Judge Ketanji Brown Jackson is President Biden’s nominee to replace retiring Justice Stephen Breyer. The President thus makes good on his promise to nominate a black woman to serve on the Court. Dan McLaughlin seems to think that Judge Jackson is about the best that conservatives can hope for, given the narrow constraints Biden agreed to in order to secure the African-American vote. In the press conference announcing her nomination, she thanked God and affirmed that her faith had been important in molding her character. She also saluted America as “the greatest beacon of hope that the world has ever seen” and made a point to mention her brother and two uncles who are law enforcement officers. She is a wife and a mom which — at the risk of coming across as quite indelicate — contrasts her with the two justices whom Barack Obama got seated on the Court.
But that shouldn’t lull us into believing that she will be the second coming of Justice Byron White. McLaughlin also points out that in her one year on the bench in the D.C. Circuit, Jackson consistently ruled against former members and policies of the Trump Administration, and at times used the sort of heated rhetoric one expects from the New York Times Editorial Board or the ACLU. She is not a Horatio Alger success from hard work story like Clarence Thomas; rather, she’s the daughter of two upper-middle-class professionals (a lawyer and school principal) and was herself educated at Harvard College and Harvard Law, so you can be sure she is dialed into the same ideological bubble that gave us Elena Kagan and Ruth Bader Ginsburg (if Judge Jackson is confirmed, Amy Coney Barrett would remain the only justice with no rooting interest in the annual Harvard-Yale game). Her rulings are uniformly pro-labor, so don’t expect her to be a voice for reform of the federal bureaucracy. And, McLaughlin reminds us, she countenanced the Biden Administration’s cynical and knowingly illegal move to use the CDC to impose a national rent increase moratorium.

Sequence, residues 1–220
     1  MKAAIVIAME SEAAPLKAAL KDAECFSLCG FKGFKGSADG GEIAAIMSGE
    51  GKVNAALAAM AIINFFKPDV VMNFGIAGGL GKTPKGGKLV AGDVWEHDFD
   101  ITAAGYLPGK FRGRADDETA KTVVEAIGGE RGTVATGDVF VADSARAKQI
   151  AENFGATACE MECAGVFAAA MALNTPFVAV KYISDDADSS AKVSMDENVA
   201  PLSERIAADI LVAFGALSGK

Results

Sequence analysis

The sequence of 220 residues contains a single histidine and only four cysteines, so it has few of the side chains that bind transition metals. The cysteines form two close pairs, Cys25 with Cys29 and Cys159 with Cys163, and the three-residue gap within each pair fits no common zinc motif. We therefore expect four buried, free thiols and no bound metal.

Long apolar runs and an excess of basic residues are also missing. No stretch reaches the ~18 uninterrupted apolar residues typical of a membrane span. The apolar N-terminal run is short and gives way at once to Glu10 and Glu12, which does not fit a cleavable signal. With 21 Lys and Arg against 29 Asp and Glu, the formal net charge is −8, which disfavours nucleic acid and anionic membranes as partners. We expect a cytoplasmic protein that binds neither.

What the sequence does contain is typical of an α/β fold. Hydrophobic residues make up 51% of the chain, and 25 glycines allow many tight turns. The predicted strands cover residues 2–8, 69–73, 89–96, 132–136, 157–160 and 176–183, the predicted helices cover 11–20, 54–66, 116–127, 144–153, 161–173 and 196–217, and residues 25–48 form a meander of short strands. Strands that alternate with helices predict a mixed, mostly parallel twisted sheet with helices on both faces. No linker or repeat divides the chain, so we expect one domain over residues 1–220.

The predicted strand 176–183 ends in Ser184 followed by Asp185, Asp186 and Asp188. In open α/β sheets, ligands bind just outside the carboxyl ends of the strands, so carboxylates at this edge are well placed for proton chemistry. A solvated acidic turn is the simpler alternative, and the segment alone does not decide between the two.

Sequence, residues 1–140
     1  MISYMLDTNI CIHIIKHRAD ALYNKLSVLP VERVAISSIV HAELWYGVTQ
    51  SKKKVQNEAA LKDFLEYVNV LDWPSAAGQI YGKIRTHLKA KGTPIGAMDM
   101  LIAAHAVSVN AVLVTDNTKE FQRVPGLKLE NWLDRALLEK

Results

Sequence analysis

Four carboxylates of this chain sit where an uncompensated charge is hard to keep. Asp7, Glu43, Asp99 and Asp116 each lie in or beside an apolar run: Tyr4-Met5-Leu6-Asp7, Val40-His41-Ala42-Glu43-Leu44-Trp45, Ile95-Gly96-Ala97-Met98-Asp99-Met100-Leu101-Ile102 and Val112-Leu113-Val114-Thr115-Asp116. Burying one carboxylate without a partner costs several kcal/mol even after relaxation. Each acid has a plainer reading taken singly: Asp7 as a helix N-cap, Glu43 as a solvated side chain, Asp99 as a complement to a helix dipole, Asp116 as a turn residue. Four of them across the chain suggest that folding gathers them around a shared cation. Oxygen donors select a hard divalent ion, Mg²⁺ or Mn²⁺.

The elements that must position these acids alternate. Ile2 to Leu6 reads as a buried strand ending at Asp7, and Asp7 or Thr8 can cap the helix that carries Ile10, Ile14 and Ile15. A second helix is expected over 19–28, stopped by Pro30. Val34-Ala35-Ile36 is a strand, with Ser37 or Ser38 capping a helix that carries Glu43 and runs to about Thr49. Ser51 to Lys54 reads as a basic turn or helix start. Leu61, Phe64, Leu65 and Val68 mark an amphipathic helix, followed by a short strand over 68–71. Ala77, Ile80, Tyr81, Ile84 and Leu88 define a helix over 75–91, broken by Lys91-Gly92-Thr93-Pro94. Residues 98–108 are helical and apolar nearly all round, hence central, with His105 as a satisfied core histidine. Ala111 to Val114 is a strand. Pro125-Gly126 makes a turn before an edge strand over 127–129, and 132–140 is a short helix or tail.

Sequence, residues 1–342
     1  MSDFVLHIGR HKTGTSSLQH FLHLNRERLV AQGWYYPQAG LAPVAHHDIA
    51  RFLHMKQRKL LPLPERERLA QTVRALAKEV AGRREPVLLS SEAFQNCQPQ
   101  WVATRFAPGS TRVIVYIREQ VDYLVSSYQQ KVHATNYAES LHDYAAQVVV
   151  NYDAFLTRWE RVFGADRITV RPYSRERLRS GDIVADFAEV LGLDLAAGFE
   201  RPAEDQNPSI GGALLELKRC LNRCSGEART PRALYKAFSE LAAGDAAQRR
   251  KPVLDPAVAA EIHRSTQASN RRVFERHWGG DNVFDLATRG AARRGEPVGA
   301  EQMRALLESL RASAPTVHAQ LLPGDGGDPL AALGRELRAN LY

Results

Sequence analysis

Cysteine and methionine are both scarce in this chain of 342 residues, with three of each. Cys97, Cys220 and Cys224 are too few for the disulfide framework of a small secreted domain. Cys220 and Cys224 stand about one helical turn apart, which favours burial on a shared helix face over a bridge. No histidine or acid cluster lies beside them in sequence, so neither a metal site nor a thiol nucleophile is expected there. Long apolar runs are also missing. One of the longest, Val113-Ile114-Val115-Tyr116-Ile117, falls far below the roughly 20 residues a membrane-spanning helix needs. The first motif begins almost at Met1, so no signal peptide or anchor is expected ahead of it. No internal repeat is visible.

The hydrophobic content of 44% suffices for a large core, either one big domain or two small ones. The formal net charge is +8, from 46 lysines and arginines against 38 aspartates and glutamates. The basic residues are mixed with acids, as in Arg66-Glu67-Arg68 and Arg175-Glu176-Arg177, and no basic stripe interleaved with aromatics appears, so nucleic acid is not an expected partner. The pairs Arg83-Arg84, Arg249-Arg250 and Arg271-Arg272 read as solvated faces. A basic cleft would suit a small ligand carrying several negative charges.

McLaughlin doubts that Judge Jackson would develop her own novel (if perhaps peculiar) judicial theory as Breyer did, nor does she seem likely to try to serve a role as a bridge between the progressive bloc and the Roberts/Gorsuch/Kavanaugh school of thought as Elena Kagan has endeavored. Perhaps, he muses, Clarence Thomas or Amy Coney Barrett might try to convince her of the beauty of originalism, but McLaughlin fears that in the end it is probably more likely that she becomes another Sonia Sotomayor, if to be sure a less strident one. In any case, given that this could very well be Joe Biden’s one and only Court nominee, McLaughlin believes that progressives might come to regret that he chose from such a narrow field.